240mm Lightweight flywheel options | The Z Club of Great Britain
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240mm Lightweight flywheel options

Discussion in 'S30 (240Z,260Z,280Z) Engine' started by Woody928, Mar 30, 2018.

  1. Woody928

    Z Club Member

    Hi All,

    I decided to start another thread so that there was a place to more specifically discuss this topic having divulged slightly away on my clutch thread as linked below (Great info though).


    I've decided that while I am replacing the the gearbox that a new clutch will be going in and I'm being swayed towards going up to 240mm to future proof against planned modifications to come. With that in mind I'm now also thinking to put in a light weight flywheel to help things out as well. Given I'm looking at 240mm clutches I'm going to have to increase the flywheel size to 240mm to match.

    What have people fitted to their cars and are able to recommend?

    I've already been given the below linked options however I'd be really grateful of all feedback and recommendations given I'm still completely new to this area.


  2. franky

    Z Club Member

    So, a 240mm jobbie, is only 6.25% larger, so it can handle 6.25% more power? Is that how it works?
  3. franky

    Z Club Member

  4. AliK

    Z Club Committee
    Committee Member

    I doubt it's a linear equation ;)
  5. franky

    Z Club Member

    Agree, however its going to have more mass to rotate, all of that further away from the centrepoint so carrying more inertia? Higher gyroscopic effect sort of thing?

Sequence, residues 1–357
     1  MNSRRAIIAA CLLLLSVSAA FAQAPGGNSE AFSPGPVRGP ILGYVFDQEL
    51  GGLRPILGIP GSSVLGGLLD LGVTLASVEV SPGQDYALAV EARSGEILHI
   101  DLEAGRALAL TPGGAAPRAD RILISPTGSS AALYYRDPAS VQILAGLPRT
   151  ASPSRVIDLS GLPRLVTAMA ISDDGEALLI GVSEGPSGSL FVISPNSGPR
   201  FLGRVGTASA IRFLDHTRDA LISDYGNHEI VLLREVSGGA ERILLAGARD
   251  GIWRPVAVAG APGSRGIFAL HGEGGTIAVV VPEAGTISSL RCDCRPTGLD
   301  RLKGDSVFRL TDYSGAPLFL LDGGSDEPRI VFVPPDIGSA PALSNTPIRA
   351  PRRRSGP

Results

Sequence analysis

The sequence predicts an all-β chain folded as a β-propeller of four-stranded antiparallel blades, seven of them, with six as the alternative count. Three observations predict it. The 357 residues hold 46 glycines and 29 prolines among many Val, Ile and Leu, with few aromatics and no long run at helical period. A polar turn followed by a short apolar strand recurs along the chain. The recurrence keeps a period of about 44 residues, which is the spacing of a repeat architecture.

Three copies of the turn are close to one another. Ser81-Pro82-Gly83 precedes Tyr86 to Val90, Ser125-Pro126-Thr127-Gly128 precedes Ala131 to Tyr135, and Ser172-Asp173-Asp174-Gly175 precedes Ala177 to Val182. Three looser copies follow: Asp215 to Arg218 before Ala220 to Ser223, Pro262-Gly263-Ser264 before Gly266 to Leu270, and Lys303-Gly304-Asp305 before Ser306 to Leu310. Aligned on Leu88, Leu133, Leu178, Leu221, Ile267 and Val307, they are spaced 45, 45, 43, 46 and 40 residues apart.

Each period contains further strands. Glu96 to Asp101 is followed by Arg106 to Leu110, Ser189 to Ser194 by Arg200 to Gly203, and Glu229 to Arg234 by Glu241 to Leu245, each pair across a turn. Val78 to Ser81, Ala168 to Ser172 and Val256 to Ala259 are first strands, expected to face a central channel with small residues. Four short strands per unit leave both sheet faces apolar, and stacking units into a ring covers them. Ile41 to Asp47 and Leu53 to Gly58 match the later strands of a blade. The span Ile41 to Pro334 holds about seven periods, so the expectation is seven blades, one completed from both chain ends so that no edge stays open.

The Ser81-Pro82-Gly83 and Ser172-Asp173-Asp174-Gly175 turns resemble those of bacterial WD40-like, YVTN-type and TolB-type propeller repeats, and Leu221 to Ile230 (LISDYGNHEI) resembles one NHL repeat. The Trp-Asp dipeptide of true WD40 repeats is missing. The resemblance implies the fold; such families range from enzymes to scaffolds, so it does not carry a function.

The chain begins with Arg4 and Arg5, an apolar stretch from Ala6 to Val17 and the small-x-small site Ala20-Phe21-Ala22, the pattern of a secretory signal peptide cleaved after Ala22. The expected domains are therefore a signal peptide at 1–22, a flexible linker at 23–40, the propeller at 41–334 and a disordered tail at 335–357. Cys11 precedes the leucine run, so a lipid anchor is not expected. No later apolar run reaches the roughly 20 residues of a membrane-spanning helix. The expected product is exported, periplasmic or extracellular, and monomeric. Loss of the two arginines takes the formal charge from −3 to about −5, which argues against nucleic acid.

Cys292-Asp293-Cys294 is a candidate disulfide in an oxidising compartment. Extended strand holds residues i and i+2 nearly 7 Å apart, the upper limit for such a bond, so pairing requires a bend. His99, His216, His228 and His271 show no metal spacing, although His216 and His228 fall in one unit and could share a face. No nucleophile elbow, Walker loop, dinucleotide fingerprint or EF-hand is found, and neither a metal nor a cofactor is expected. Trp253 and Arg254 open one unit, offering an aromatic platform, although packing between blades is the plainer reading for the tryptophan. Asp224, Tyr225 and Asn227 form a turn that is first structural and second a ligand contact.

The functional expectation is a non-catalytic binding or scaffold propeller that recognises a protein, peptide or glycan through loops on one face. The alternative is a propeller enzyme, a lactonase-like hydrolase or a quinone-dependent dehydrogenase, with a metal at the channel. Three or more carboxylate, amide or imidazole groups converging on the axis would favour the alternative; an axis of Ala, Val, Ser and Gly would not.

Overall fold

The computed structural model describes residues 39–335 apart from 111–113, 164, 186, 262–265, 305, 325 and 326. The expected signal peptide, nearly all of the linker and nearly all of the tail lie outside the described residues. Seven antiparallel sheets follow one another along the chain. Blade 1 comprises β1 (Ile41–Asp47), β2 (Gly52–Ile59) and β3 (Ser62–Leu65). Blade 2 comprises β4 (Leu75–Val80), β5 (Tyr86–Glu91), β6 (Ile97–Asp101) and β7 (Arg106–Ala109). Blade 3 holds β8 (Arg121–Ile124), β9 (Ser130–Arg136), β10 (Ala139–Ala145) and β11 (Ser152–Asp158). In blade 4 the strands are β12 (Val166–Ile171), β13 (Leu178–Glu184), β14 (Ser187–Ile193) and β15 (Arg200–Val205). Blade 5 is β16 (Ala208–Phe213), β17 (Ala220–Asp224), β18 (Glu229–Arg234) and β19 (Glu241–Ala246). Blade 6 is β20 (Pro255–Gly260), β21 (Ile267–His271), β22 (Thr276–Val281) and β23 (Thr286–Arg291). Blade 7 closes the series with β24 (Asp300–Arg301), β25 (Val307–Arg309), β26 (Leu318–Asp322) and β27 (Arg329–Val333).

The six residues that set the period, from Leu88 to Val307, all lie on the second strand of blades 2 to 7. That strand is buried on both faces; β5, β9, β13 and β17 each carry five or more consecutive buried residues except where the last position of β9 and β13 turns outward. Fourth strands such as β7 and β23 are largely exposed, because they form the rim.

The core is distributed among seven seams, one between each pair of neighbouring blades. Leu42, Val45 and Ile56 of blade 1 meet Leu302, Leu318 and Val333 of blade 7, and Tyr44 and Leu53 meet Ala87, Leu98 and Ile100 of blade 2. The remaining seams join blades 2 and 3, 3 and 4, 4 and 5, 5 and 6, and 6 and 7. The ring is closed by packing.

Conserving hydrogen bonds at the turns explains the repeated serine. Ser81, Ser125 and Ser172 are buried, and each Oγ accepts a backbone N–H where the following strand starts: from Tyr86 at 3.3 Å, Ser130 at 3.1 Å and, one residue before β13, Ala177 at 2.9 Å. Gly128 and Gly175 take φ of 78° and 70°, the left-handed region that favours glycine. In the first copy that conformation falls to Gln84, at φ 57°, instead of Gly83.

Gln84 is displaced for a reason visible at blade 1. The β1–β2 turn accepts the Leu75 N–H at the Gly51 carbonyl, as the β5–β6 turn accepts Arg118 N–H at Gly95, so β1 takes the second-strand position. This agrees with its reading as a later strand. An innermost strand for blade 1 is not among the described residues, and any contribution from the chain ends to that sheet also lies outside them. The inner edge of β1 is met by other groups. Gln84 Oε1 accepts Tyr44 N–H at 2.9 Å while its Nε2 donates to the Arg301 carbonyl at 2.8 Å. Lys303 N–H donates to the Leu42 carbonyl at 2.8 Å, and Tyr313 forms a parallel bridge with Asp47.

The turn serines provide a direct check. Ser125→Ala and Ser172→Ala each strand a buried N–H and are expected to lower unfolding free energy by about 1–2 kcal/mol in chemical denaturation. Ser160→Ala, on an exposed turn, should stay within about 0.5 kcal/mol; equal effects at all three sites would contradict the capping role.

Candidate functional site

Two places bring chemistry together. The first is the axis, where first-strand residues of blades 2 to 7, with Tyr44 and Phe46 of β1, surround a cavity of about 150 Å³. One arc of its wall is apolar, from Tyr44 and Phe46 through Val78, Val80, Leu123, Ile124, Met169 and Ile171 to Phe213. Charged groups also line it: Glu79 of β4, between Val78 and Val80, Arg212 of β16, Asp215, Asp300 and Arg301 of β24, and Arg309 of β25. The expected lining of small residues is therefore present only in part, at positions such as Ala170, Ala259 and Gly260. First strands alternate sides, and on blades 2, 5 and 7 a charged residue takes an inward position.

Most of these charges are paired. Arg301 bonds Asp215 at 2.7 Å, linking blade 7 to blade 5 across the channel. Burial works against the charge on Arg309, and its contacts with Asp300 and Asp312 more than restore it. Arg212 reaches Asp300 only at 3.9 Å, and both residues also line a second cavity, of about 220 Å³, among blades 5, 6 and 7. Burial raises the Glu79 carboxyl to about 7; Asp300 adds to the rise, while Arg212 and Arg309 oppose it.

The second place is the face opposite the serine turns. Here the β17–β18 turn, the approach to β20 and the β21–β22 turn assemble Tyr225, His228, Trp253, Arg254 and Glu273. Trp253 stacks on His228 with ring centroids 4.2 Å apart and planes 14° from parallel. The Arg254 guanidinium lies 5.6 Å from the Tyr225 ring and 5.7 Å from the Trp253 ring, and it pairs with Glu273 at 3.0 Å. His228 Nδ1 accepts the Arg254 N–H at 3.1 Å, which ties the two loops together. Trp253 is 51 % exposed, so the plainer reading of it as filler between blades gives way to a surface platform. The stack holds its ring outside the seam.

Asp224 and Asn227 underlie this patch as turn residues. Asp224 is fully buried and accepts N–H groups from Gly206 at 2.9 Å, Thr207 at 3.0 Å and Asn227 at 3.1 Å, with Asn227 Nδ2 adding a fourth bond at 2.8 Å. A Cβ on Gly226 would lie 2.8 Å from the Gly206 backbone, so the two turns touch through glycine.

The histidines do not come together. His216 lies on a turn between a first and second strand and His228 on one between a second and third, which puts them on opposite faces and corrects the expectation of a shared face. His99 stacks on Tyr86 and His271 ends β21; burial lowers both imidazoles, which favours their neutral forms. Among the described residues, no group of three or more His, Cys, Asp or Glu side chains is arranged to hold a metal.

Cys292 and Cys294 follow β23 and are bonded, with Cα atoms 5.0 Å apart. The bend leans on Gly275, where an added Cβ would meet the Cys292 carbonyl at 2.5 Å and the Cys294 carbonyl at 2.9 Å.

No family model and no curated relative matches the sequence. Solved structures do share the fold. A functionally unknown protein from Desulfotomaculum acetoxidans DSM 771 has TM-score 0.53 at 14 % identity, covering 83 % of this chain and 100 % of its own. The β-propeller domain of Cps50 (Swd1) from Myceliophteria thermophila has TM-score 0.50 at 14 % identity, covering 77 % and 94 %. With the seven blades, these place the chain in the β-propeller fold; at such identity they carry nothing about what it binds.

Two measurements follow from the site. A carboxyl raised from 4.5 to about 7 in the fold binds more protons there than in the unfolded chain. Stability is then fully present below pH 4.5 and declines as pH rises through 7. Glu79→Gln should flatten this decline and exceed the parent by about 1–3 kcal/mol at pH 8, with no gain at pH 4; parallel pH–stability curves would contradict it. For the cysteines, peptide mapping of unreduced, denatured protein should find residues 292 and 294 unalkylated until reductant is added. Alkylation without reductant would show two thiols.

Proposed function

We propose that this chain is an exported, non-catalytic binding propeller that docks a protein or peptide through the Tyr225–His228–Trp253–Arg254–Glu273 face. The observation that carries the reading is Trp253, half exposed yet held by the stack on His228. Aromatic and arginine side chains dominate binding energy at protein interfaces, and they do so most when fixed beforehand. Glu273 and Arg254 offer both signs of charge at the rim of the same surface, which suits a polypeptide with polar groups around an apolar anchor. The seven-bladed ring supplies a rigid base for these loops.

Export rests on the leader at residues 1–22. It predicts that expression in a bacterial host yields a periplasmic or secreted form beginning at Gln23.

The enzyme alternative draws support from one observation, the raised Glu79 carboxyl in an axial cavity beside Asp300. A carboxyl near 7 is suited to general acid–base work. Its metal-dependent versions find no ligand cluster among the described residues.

How much more will it take? I've struggled to find(in the past 30mins) may threads of a 225mm jobbie imploding while a 240 has been fine?
    Last edited: Mar 30, 2018
  6. Bobafett

    Bobafett Forum User

    Would a lightweight flywheel on a Nissan 6 cylinder engine, not compromise on 'real world' useable low bottom end torque/rev range?
  7. jonbills

    ZClub Administrator
    Staff Member Committee Member

    240 & 225 mm flywheels are same size and weight, they just have a different friction area diameters (225 & 240mm).
    FWIW, my flywheel is lightened - I had a few lb removed from the outer half of the standard 240mm wheel.
    It hasn't disintegrated yet and it's had some abuse.
    I think the data shows that:
    flywheels store energy from the system when they're being accelerated and supply energy back to the system when the system tries to slow the engine (like when you change up)
    when it's storing energy, that energy isn't available to move the car.
    the amount of energy it stores is a function of it's weight, speed and how far out from the centre the weight is.
    so all things being equal, a lighter flywheel leaves more power available to do work when the engine is accelerating.
    But then you get the power back when you change up a gear.
    If you compare power available to do work in a given gear (I.e. no change up) then the engine with the lighter flywheel has a couple more horsepower available.